Top paramilitary, guerrilla leaders in Colombia ask forgiveness


People attend the testimonies of former Revolutionary Armed Forces of Colombia (FARC) rebel leader Rodrigo Londono and former paramilitary leader Salvatore Mancuso at the country's truth commission in Bogota, Colombia, August 4, 2021. REUTERS/Nathalia Angarita

BOGOTA (Reuters) - Salvatore Mancuso and Rodrigo Londono, former enemies from Colombia's internal conflict, appeared together before the country's truth commission on Wednesday to ask victims for forgiveness and recognize mistakes they made during the war.

The hearing was the first where Mancuso, a former top commander of the paramilitary United Self-Defense Forces of Colombia (AUC), and Londono, the ex-leader of the demobilized Revolutionary Armed Forces of Colombia (FARC), appeared before the truth commission at the same time.

The commission was established as part of a peace deal between the FARC and Colombia's government in 2016.

"I am fully aware there's no way to go back in time, to erase the scars we left etched in women's bodies, to bring back the dead, nor to undo the memory of displacements, of pain, or absences," Mancuso, 56, said via video call from a prison in the United States, where he is detained.

Right-wing paramilitary groups were created during the 1980s, financed by ranchers, farmers, landholders and the business community, to defend against attacks from left-wing guerrillas amid the powerlessness of the Colombian state.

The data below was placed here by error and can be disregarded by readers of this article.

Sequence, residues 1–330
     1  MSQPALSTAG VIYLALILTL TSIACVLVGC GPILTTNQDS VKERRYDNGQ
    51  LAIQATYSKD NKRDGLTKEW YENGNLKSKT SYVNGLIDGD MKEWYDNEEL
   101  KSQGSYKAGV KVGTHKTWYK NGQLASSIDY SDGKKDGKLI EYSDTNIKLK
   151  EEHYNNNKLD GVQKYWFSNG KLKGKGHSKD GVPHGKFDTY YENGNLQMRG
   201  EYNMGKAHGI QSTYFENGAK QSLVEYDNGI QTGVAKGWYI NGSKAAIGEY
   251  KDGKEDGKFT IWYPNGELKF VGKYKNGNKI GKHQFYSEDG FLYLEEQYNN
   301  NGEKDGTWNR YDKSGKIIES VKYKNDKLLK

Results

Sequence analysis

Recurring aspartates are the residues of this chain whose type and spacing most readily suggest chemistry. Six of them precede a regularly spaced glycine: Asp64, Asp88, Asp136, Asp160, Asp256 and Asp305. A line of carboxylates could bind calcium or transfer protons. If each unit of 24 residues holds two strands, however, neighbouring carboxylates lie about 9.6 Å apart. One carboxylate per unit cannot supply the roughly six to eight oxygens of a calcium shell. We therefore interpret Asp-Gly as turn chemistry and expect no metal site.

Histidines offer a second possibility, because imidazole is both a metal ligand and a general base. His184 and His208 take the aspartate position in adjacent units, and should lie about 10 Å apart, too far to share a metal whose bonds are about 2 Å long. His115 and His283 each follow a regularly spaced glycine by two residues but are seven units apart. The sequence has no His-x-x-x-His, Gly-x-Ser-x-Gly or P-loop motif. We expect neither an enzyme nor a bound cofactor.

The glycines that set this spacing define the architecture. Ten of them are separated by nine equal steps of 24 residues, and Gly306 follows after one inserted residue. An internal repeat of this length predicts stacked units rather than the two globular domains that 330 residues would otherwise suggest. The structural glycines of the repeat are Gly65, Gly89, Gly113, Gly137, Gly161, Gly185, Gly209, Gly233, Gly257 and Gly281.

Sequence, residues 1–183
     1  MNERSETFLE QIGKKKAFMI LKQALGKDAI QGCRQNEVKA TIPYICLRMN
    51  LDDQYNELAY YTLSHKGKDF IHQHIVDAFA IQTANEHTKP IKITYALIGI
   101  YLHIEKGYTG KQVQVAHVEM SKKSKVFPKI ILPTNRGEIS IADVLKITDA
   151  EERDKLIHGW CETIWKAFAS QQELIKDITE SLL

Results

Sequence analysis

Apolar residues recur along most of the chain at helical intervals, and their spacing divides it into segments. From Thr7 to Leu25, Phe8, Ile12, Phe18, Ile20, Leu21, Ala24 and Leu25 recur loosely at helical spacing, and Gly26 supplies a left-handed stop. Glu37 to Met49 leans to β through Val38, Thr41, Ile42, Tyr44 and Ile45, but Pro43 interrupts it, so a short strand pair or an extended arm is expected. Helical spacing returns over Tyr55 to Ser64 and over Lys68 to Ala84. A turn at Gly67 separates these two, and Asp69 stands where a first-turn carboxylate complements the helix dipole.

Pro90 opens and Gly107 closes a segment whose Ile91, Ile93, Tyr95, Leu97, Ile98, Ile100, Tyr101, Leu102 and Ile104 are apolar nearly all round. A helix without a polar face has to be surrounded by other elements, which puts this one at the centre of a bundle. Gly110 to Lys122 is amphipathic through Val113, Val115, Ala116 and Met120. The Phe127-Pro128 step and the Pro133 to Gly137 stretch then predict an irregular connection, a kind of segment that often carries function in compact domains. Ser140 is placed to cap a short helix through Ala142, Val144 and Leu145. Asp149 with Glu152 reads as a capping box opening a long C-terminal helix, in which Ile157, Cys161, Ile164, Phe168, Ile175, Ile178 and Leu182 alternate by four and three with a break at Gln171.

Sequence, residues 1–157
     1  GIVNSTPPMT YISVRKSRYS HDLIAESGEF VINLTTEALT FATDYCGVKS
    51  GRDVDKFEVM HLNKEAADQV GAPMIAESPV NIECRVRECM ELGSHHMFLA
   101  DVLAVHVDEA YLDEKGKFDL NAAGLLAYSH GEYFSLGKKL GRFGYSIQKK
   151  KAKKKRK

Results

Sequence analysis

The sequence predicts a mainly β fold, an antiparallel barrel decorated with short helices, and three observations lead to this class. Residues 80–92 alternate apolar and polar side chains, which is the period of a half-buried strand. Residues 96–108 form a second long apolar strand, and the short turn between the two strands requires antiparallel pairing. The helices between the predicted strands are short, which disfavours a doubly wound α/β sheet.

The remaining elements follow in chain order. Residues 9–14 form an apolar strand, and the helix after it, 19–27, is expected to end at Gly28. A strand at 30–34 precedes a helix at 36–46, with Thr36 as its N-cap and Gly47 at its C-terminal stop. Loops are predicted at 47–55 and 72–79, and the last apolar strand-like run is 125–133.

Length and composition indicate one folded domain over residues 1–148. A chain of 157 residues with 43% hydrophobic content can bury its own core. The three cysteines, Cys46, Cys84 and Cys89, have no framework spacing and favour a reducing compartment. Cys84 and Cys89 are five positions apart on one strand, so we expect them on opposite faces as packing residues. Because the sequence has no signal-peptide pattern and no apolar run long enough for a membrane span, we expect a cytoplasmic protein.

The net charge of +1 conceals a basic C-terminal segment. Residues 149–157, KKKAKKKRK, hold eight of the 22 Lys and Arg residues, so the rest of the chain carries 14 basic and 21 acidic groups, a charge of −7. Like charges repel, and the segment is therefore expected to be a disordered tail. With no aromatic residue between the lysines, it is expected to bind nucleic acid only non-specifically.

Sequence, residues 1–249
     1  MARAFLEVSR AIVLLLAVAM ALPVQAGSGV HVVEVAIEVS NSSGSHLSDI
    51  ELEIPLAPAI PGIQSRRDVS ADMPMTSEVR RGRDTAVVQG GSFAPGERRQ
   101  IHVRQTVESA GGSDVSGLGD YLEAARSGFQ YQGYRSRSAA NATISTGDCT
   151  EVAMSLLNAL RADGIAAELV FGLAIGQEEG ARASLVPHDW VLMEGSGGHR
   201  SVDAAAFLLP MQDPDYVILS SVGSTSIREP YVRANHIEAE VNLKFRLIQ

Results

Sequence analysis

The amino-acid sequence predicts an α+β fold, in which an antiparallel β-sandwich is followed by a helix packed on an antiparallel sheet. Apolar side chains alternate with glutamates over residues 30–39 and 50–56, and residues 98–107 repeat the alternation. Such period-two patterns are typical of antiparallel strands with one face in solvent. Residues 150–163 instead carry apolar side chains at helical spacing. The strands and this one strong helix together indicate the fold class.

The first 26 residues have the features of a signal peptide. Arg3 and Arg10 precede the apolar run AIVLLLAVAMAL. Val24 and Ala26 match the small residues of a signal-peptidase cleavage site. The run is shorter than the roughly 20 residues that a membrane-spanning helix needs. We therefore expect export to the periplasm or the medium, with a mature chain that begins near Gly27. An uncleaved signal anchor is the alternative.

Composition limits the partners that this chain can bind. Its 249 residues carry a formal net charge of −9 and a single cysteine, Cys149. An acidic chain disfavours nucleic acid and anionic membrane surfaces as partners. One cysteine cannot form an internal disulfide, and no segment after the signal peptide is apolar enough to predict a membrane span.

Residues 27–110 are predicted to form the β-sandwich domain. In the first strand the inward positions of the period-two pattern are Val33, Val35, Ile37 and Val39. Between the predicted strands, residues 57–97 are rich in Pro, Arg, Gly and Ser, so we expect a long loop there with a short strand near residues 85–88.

Mancuso was extradited to the United States in 2008 for drug trafficking, as well as for failing to comply with a peace deal that allowed paramilitary groups to demobilize.

During the hearing, Londono, better known by his former nom de guerre Timochenko, said there were no words to change the pain felt by victims and again asked forgiveness for acts committed during the conflict.

"I know we will have to keep asking and hoping for forgiveness until the end of time," Londono said.

Both Mancuso and Londono retold details of their involvement in the conflict - which left more than 260,000 dead and millions displaced - over more than four hours.

However, beyond merely asking forgiveness, victims' representatives said the former leaders of illegal armed groups should reveal the truth, including what connections, if any, armed groups had to government officials and other important figures, to ensure justice is done.

(Reporting by Luis Jaime Acosta; Writing by Oliver Griffin; Editing by Dan Grebler)

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